Over the summer, Geri and I spent a little time creating instructions, and she scanned it for use on the guild nametags this year. I tried following the instructions to make the block in a different colorway, and I like it!
It's a little hard to see that I used three different black and white prints, and I buttonhole stitched around all the pieces. Before our Sept. meeting, I'll make copies for people to pick up on the membership table. We're going to have a block of the month this year, so this can be an "extra" for everyone.
I've been making Jennifer Chiaverini's Cornucopia of Thanks quilt as a Block of the Month in an online group. This month's block was "Best Friends," to signify the quilting friends her characters get together with on the day after Thanksgiving. Each quilter makes a block of gratitude to put into a cornucopia on the potluck table in her book The Quilters' Holiday.
My quilt is going to be quite bright, with hot pink, green/lime, purple, turquoise, and yellow. The sashing in this quilt is what really makes it outstanding, and I love the dotted fabric I'm using for it. I'm chipping away at the borders as I go along so I won't have to make them all at the end. This quilt is going to be queen-sized with 12" blocks and 6" sashing. The original has only 9 12" blocks, but I've made three more to make it bigger. Thanks to Yankee Pride Quilts, I have another two yards of the yellow for borders.
It's been a busy, intense time since I last wrote. I was in Colorado for a week while my mom had shoulder replacement surgery. Besides caring for her after her 3 nights in the hospital, I also cared for my dad who has Parkinson's Disease and has home caregivers part of each day. His PD is fairly advanced, but he is quite determined to be independent. Sometimes that works and other times, it is a detriment since he gets himself into some "situations." I had to call 9-1-1 one afternoon when he tried to get out of an easy chair to his wheelchair by using his walker and ended up on the floor. The firemen were cheery and told him the Broncos game was about to start, so they would get him settled to watch. Most of the other near misses, I was able to pick him up, though it was exhausting. I was in high gear from 5:30 am to 10:30 pm each day and was pretty glad to be back in Vermont, if only to get a solid night's sleep.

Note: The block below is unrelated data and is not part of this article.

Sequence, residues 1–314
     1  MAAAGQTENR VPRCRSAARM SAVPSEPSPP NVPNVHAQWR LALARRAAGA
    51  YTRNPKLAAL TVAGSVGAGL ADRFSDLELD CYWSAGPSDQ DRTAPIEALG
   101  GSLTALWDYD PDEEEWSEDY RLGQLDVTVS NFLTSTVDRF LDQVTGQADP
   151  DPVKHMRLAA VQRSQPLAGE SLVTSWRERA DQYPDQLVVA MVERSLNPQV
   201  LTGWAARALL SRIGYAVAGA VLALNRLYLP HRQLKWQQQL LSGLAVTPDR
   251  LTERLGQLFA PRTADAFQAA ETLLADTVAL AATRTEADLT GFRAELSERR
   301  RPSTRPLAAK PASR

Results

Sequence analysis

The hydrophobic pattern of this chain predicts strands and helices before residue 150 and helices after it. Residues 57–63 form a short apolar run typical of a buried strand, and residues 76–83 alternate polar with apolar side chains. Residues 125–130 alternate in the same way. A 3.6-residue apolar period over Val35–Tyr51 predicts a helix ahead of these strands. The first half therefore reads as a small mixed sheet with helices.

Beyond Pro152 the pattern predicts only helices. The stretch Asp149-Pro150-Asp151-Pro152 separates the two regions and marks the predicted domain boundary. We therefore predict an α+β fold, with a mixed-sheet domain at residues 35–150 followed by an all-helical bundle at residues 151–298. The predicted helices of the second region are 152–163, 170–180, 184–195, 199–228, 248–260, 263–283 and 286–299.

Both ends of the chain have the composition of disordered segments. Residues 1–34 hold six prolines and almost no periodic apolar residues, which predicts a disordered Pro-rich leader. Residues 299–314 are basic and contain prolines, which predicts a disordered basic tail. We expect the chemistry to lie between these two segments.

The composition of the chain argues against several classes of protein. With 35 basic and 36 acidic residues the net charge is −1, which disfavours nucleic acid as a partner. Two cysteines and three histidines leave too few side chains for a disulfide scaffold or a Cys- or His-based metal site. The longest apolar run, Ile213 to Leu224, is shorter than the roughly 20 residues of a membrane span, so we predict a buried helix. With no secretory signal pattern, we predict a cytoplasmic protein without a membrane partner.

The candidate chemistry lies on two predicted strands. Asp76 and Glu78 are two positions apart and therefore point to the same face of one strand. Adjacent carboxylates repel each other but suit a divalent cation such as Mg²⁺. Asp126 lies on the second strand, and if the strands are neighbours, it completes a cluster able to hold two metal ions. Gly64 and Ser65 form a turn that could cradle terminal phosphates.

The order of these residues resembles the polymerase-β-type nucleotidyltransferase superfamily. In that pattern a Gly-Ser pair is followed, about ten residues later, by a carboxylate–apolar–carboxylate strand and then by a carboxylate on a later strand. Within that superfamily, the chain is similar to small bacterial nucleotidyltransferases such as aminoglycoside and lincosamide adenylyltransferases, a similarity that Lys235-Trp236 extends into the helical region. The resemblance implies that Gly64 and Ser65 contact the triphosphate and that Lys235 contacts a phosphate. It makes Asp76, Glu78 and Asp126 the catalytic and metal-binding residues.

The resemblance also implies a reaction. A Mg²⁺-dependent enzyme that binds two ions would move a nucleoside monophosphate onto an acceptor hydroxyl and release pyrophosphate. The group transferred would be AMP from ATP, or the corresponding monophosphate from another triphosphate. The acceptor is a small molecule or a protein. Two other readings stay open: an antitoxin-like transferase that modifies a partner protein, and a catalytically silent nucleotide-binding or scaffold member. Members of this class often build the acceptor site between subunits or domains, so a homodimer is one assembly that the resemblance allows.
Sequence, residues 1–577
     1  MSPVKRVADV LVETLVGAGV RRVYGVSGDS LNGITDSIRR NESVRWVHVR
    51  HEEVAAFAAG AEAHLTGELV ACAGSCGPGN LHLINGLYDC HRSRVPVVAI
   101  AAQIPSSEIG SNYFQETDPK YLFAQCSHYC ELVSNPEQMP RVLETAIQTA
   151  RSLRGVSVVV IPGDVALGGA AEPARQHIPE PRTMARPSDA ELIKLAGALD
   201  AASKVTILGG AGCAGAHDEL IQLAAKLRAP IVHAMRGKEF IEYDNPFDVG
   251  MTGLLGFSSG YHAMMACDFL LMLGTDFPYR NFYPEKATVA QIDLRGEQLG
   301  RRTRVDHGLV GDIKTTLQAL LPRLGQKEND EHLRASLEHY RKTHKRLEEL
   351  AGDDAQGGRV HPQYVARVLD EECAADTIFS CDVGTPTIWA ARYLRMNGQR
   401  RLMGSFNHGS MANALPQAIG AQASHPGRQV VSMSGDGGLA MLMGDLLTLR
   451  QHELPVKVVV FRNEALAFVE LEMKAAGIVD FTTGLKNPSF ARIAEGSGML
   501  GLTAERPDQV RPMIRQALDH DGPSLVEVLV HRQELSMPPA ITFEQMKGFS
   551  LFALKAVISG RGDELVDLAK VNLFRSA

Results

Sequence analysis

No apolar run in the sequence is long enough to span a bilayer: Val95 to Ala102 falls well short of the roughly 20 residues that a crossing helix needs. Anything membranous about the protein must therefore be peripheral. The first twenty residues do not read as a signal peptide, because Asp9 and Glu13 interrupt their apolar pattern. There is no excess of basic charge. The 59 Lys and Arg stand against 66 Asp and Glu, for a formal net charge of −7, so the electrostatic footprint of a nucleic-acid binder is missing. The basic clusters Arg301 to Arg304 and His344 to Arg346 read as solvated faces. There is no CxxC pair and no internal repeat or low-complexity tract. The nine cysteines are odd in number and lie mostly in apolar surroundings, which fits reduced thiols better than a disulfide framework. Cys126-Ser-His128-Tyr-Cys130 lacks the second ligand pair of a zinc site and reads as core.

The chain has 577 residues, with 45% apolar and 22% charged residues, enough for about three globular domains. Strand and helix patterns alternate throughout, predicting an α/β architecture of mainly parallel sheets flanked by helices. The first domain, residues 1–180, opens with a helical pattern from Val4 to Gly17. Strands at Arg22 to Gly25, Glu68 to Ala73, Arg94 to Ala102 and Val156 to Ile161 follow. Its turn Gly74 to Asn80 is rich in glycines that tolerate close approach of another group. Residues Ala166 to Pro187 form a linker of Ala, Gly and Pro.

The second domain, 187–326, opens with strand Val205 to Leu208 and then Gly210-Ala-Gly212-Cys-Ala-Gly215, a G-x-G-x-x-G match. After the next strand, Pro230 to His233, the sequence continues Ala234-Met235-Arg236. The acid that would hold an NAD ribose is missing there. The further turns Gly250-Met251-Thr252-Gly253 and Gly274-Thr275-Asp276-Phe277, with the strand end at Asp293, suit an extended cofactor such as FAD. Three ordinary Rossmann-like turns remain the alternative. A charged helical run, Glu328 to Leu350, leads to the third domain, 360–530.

Paul had a hard time without me partly because our dog Max wasn't feeling well - tummy troubles. We took him to the vet nearly every day and spoke to him when he wasn't in the office. I've made Max a "bland diet" (chicken and rice) for several days. Sometimes it works, other times it doesn't. Now he's taking Pepsid A-C, old geezer that he is (almost 15)!
In Colorado, I read quite a few light mysteries, and when I got home Louise Penny's latest arrived and I dove right in. The Beautiful Mystery is set in a monastery in a remote part of Quebec, and it's the classic situation with a set number of characters, one of whom must be the murderer. The pace is a little slow but that just makes the suspense build. Penny has outdone herself again.
I also visited the Rocky Mountain Quilt Museum, a few miles from my parents' home, but I wasn't thrilled with the exhibit as I sometimes am. There were some political quilts which I enjoyed, and then some very geometric ones. I noticed that Sandra Dallas will be there for a booksigning in October. What a good speaker she is!
On the quilting front, I'm working on Cornucopia of Thanks, from Jennifer Chiaverini's latest quilt pattern book. I'm doing a block a month with an online group and finished this month's "Best Friends" block. Now I'm working on the sashing which is the distinctive part of this quilt. I was afraid I'd run out of one fabric, so I called the shop where I bought it, and they sent me more the very next day!
Our weather has been beautiful, Max appears to be better today, and Chris built me a lovely little table with a Vermont verde (green stone) top. Life is looking up.